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Publication numberUS20050195505 A1
Publication typeApplication
Application numberUS 11/072,641
Publication dateSep 8, 2005
Filing dateMar 7, 2005
Priority dateMar 5, 2004
Also published asEP1735883A2, EP1735883A4, US7239463, WO2005086783A2, WO2005086783A3
Publication number072641, 11072641, US 2005/0195505 A1, US 2005/195505 A1, US 20050195505 A1, US 20050195505A1, US 2005195505 A1, US 2005195505A1, US-A1-20050195505, US-A1-2005195505, US2005/0195505A1, US2005/195505A1, US20050195505 A1, US20050195505A1, US2005195505 A1, US2005195505A1
InventorsLeroy Braun, Robert Winsor
Original AssigneeLeroy Braun, Winsor Robert S.
Export CitationBiBTeX, EndNote, RefMan
External Links: USPTO, USPTO Assignment, Espacenet
Prism device and combined optical and radio frequency beam steering system
US 20050195505 A1
Abstract
A prism device includes: a prism material having substantially the same index of refraction at first and second wavelengths; a first anti-reflection coating for reducing reflection of a first signal beam at the first wavelength; and a second anti-reflection coating for reducing reflection of a second signal beam at the second wavelength. The prism material can be silicon, which has substantially the same index of refraction at IR and RF wavelengths. In this case, the RF anti-reflection coating can be a layer of silicon dioxide (fused silica), which can be sandwiched between two IR anti-reflection coatings designed to minimize IR reflections between the surrounding air and the RF anti-reflection coating and between the RF anti-reflection coating and the prism material, respectively. Two or more of the prism devices can be used in a beam steering system to simultaneous direct the first and second signal beams in substantially the same direction.
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Claims(47)
1. A prism device comprising a prism material having substantially the same index of refraction at a first wavelength and a second wavelength, wherein the first and second wavelengths differ by at least an order of magnitude.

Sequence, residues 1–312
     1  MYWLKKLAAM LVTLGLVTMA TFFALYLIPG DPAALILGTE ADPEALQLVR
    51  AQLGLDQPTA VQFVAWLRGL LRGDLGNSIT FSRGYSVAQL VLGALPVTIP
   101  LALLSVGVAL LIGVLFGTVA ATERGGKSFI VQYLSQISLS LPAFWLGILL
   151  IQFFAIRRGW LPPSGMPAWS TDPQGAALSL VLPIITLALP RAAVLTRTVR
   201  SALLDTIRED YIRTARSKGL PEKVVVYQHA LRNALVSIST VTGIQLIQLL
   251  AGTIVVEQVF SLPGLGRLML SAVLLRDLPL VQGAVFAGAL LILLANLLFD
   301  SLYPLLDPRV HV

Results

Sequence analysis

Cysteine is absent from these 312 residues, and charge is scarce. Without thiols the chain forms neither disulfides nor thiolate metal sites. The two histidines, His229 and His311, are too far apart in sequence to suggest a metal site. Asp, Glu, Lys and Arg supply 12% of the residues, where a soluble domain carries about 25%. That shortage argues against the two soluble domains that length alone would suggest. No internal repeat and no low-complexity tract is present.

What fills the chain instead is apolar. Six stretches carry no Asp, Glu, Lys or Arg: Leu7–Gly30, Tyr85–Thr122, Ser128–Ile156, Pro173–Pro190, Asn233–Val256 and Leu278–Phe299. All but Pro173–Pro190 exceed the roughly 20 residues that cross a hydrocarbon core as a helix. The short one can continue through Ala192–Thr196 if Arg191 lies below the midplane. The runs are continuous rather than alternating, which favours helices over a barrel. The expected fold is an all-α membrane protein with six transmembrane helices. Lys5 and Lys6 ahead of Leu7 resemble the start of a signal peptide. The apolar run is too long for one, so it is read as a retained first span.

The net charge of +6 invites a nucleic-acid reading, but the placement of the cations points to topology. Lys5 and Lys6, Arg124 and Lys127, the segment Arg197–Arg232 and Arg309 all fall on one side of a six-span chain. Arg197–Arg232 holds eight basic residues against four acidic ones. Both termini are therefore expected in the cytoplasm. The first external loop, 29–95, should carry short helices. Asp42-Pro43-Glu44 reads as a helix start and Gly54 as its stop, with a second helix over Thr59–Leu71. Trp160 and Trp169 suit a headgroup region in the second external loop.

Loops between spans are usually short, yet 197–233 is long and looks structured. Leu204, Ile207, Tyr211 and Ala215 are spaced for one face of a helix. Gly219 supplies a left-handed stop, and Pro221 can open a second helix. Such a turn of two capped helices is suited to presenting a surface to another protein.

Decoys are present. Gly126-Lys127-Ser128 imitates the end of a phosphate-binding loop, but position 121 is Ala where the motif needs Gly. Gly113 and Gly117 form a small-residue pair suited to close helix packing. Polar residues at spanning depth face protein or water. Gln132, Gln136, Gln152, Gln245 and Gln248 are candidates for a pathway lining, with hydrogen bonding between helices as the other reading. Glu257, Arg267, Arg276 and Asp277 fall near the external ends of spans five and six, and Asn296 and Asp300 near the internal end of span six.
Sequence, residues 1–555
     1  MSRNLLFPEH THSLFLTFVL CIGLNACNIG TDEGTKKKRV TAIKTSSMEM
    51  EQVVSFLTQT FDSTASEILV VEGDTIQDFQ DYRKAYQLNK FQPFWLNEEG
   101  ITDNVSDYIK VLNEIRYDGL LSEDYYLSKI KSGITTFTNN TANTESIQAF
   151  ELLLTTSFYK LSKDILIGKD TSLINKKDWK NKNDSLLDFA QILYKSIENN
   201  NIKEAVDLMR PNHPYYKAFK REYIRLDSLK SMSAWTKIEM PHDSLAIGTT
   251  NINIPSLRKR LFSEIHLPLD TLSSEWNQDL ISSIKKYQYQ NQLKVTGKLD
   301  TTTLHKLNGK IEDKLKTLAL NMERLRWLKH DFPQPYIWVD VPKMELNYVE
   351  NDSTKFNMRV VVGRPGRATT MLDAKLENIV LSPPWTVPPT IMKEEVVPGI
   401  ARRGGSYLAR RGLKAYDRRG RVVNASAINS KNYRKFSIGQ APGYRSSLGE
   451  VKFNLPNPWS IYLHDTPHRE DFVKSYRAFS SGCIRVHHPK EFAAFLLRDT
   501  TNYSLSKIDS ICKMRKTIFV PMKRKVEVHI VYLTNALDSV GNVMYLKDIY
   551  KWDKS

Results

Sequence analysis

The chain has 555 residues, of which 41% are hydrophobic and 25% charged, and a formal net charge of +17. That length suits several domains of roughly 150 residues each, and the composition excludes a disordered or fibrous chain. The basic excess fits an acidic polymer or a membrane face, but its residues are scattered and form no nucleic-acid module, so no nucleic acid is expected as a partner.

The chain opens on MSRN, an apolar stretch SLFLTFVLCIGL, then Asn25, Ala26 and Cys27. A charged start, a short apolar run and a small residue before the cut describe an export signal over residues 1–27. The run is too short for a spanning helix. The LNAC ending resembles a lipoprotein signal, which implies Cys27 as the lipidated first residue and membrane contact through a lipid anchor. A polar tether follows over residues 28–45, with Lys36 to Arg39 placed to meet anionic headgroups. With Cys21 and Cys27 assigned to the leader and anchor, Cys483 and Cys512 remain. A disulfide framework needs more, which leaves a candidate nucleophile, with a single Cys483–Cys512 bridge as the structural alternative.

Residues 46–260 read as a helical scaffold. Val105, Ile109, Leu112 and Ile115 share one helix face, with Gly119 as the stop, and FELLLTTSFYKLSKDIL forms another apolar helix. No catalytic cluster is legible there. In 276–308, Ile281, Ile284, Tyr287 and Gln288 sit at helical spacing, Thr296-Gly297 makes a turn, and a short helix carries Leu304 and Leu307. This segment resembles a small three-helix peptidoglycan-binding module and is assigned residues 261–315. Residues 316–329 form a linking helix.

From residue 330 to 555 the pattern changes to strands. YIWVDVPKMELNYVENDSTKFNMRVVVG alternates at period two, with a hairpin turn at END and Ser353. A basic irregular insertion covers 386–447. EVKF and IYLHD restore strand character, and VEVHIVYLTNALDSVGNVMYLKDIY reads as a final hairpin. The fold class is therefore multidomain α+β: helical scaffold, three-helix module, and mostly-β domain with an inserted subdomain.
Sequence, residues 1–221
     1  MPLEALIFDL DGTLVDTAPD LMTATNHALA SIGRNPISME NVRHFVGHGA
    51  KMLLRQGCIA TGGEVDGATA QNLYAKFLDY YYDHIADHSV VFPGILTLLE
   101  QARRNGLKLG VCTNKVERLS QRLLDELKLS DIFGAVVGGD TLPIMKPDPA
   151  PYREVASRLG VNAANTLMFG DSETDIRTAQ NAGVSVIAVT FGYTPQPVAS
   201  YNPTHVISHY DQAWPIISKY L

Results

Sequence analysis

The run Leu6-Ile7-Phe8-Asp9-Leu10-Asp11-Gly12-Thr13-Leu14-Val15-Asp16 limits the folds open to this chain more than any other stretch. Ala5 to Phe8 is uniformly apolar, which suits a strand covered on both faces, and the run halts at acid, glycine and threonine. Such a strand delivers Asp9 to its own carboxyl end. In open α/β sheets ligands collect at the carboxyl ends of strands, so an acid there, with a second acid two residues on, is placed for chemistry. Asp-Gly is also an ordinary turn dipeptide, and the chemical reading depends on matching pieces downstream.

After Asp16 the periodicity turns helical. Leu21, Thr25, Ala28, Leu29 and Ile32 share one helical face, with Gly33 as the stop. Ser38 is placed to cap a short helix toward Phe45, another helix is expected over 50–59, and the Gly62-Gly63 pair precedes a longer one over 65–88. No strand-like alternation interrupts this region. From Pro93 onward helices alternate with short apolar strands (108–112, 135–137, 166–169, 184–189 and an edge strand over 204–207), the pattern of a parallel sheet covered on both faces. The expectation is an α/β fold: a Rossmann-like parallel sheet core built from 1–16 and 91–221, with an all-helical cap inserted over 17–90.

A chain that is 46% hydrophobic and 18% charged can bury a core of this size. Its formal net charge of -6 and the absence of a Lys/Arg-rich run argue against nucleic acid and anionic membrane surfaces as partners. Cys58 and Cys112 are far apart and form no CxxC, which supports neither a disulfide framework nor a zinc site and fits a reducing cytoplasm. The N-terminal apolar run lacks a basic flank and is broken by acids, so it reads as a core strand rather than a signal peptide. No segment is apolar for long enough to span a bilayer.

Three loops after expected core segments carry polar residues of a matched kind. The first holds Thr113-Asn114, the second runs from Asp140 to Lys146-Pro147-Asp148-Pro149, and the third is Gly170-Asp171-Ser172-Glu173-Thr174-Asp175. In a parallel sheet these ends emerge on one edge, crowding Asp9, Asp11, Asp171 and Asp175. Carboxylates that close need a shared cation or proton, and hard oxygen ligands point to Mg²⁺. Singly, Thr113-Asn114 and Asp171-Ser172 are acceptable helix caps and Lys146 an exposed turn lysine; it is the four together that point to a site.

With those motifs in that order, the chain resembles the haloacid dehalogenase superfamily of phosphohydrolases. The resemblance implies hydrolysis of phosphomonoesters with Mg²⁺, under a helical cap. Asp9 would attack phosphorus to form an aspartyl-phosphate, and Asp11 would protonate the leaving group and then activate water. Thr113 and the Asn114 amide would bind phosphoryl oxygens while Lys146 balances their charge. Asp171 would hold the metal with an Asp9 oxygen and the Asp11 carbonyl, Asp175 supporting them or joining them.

2. The prism device of claim 1, wherein the first wavelength is an optical wavelength and the second wavelength is a radio frequency (RF) wavelength.
3. The prism device of claim 2, wherein the optical wavelength is an infrared (IR) wavelength.
4. The prism device of claim 1, wherein the prism material comprises silicon.
5. The prism device of claim 1, further comprising a plurality of anti-reflection coatings disposed on the prism material for reducing reflection of electromagnetic radiation at the first and second wavelengths.
6. The prism device of claim 5, wherein the plurality of anti-reflection coatings includes at least a first anti-reflection coating for reducing reflection of electromagnetic radiation at the first wavelength and a second anti-reflection coating for reducing reflection of electromagnetic radiation at the second wavelength.
7. The prism device of claim 6, wherein the first wavelength is an optical wavelength, and the first anti-reflection coating comprises at least one of: HfO2, Y2O3, MgF2, and ZnSe.
8. The prism device of claim 6, wherein the first wavelength is an optical wavelength, and the first anti-reflection coating comprises a plurality of layers.
9. The prism device of claim 6, wherein the second wavelength is a radio frequency (RF) wavelength, and the second anti-reflection coating comprises silicon dioxide.
10. The prism device of claim 6, wherein the second wavelength is a radio frequency (RF) wavelength, and the second anti-reflection coating has an effective thickness of approximately a quarter of the RF wavelength.
11. The prism device of claim 6, wherein the second wavelength is a radio frequency (RF) wavelength, and the second anti-reflection coating comprises a single layer.
12. The prism device of claim 6, wherein the second wavelength is a radio frequency (RF) wavelength, and the second anti-reflection coating comprises a plurality of layers.